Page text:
So, what exactly is involved in calculating solar panels cost in San Marcos? When thinking about solar power very few people know the way the cost of solar panel systems is actually measured. Or even, for that matter, do we automatically grasp the connection relating to the cost of solar power and the value of solar power. We all know that gasoline prices are in dollars per gallon. We likewise are all aware of approximately how far we’ll be able to drive after spending 40 bucks for a tank of gas. In contrast to a tank of gas, the value of which can be consumed pretty much instantly, solar panels deliver their value across a period of time.
San Marcos 3 Undervalued Solar Leaders
Caption: Kokam 24-megawatt Energy Storage System (NYSE:ESS), used by South Korea's largest utility, Korea Electric Power Corporation (KEPCO): world's largest Lithium NMC ESS for frequency regulation
Sometimes technology creeps up on you before you realize what is happening. Then something happens to get your attention and you realize that things are changing fast. And so it is with batteries, the missing link in replacing fossil fuels with renewable energy.
Here I cover two areas of battery technology that are transforming power management at scale. The first comes out of left field as a solution to frequency regulation in power plants. The second relates to management of excess energy generated by solar and wind, followed by dispatch of that energy when needed. At its most extreme this role may involve near complete charge and discharge once, or even twice, in a single day, every day.
Grid reliability, increased efficiency and frequency regulation
Late last month Kokam (XKRX:040480) a veteran Lithium ion South Korean battery manufacturer, announced the deployment of 3 high performance Lithium ion battery systems to provide 56MW of specialized batteries for frequency regulation in large power plants in South Korea. The batteries are: two Kokam Lithium Nickel Manganese Cobalt (NMC) battery systems with capacities of 24 MW/9 MWh and 16MW/6MWh, and a 16MW/5MWh Lithium Titanate Oxide (LTO) battery system. The LTO system was implemented first. While LTO technology is robust, with less dependence on temperature control, it is more expensive than NMC batteries and the specifications from the utilities often require temperature control (hence housing in containers which are cooled or heated). I suspect that NMC will become the preferred technology for frequency regulation.
The 24MW NMC battery system is the largest used in the world for frequency regulation. These batteries provide the Korea Electric Power Corporation (KEPCO) (NYSE:KEP) with ~10% of the frequency regulation needed to allow its entire system to run largely with batteries. KEPCO plans to install ~500MW of rapid response batteries by 2017 to effectively wean South Korea off the need for fossil fuel to provide this reserve power need for frequency regulation. Several battery manufacturers are involved in this project (Kokam, LG Chem (OTC:LGCLF), Samsung (OTC:SSNLF). It isn't clear how much KEPCO has already installed but it may be as much as 230MW of batteries for frequency regulation.
South Korea is special in that it has a single power authority, KEPCO, which is largely responsible for managing the nation's power capacity. So it is possible for one organization to setup a national program to manage 65 GW of power capacity. This capacity is mostly coal powered (~47GW) but with substantial nuclear and hydro capacity (~18GW). There is a very small contribution of wind and solar renewable energy in South Korea.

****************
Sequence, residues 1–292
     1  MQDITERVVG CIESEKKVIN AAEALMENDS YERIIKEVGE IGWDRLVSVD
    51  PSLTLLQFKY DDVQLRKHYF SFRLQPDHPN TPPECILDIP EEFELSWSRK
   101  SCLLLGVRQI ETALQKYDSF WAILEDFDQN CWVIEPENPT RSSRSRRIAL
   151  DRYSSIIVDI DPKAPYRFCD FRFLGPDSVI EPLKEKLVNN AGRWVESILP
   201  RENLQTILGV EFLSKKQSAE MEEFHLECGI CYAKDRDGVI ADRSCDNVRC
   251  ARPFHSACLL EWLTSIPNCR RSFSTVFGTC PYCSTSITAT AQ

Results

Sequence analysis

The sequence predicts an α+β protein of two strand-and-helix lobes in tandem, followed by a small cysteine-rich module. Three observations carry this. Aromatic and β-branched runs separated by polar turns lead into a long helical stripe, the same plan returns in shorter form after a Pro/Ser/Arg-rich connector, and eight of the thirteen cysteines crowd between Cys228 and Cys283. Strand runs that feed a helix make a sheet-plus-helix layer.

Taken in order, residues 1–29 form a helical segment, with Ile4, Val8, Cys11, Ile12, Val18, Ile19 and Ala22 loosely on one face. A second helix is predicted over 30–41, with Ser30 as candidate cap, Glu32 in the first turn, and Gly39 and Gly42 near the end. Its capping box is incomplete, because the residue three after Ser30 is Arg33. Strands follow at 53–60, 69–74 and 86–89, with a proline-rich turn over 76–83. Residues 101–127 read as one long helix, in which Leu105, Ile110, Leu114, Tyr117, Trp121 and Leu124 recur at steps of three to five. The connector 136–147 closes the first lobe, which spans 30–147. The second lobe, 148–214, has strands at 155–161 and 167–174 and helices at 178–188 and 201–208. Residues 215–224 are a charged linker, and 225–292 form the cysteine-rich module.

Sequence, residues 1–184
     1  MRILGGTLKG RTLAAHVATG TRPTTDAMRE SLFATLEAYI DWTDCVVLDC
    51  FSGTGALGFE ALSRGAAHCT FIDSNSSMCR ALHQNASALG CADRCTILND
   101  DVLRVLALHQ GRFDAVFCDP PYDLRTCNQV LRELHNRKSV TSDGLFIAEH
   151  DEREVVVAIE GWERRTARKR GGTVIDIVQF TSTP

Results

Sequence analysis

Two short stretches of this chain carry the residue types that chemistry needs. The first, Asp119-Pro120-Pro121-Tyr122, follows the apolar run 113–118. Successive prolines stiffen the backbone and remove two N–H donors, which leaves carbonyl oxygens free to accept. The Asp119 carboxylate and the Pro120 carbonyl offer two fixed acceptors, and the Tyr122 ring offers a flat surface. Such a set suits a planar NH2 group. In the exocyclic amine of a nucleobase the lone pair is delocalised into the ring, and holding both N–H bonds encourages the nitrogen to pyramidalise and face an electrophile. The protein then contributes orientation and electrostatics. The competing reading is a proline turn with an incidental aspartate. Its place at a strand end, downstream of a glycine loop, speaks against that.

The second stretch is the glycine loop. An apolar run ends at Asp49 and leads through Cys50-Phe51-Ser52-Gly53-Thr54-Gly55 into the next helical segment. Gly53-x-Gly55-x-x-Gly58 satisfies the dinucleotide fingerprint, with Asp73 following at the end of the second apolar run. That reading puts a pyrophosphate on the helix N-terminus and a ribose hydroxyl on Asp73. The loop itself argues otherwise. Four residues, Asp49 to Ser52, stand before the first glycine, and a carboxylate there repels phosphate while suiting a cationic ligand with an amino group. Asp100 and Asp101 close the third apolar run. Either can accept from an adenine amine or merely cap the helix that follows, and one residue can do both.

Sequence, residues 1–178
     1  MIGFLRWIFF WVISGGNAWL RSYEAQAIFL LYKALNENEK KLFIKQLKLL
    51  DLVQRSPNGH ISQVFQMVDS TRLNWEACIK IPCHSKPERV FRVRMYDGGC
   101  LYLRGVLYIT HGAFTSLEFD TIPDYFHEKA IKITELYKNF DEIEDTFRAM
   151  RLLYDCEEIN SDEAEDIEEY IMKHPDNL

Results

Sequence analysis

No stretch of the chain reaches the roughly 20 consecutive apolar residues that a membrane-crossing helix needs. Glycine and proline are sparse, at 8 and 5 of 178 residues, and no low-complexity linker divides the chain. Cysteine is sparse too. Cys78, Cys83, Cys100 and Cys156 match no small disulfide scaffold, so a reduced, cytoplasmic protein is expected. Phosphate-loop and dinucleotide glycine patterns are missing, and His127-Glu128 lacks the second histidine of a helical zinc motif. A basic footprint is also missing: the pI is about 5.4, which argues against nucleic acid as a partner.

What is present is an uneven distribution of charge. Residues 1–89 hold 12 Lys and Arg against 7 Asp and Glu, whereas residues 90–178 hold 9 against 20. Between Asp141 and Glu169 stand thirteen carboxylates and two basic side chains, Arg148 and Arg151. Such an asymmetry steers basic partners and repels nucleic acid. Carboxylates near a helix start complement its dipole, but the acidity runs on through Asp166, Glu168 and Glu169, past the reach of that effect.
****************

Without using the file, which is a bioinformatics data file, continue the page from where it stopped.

Currently ~5% of the coal needed to run a coal fired plant is dedicated to frequency regulation, so having batteries take over this role is a substantial saving in coal used. More importantly the South Korean plans (within 2 years!) indicate one of the first examples of batteries assuming a central role in an aspect of power generation that has been seen as a fossil fuel role.
Clearly Kokam doesn't see South Korea as the only market for this role and they have pilot facilities (2-5MW) being reviewed in both Germany and the US. Kokam has the capacity to deliver 100's of MW of the NMC frequency regulation batteries at short notice.
There is a lot of interest in fast response Lithium batteries and a substantial system (2MW) was recently announced in the UK using Toshiba (OTCPK:TOSYY) Lithium Titanate batteries in association with energy company E.ON (OTCPK:E.ON) and it's wholly owned subsidiary Uniper at the Willenhall substation. E.ON also has a 10MW/2.5MWh battery system under development with Tucson Electric Power in Arizona. E.ON is shortlisted for a 250MW tender for frequency response storage in the UK and Kokam is involved in tendering, so Korea's implementation is being watched in Europe too.
Interestingly lithium technology is being used to replace lead acid batteries by Duke Energy (NYSE:DUK) in a 35MW facility. There are also major frequency regulation projects in Canada (e.g. 12MW system in Ontario's Independent Electrical System Operator).
These Lithium NMC and LTO batteries are also useful for peak load management improving power quality and reliability in solar and wind applications, and also for spinning reserve applications.
Energy management for renewable energy
This is a big one, as you need a way to store and then access the intermittent power from solar PV and wind. Unlike the frequency regulation application described above, which needs fast, but short term response and high power delivery, energy arbitrage for solar and wind smoothing requires slower and longer term charge/discharge (up to over a number of hours).
A frequency regulation application has a high life cycle (10,000, compared with 4000-8000 with arbitrage), high power (i.e higher than arbitrage), but lower energy density than arbitrage. Because frequency regulation is a special rapid application it is more costly than an arbitrage battery.
The actual needs for energy management at scale are more varied than frequency regulation and so the actual configurations for batteries for this purpose are still evolving. It might be that the critical requirement is ramp rate control, or charge/discharge over hours may be more critical. Battery manufacturers are focusing in on their preferred configurations. For example Kokam has a High Energy NMC battery for energy management at scale.
For the technically minded here are a couple of links to give a sense of the kinds of lithium battery technology and how the different formulations behave. A good summary is here, and for those who want a deeper dive into lithium battery chemistry, here is a pretty up to date article.
Energy management applications for renewable power generation
Pumped hydro has a significant role in energy storage and this is well established with 140GW of pumped hydro already implemented. This large scale storage allows long term (even seasonal) energy storage.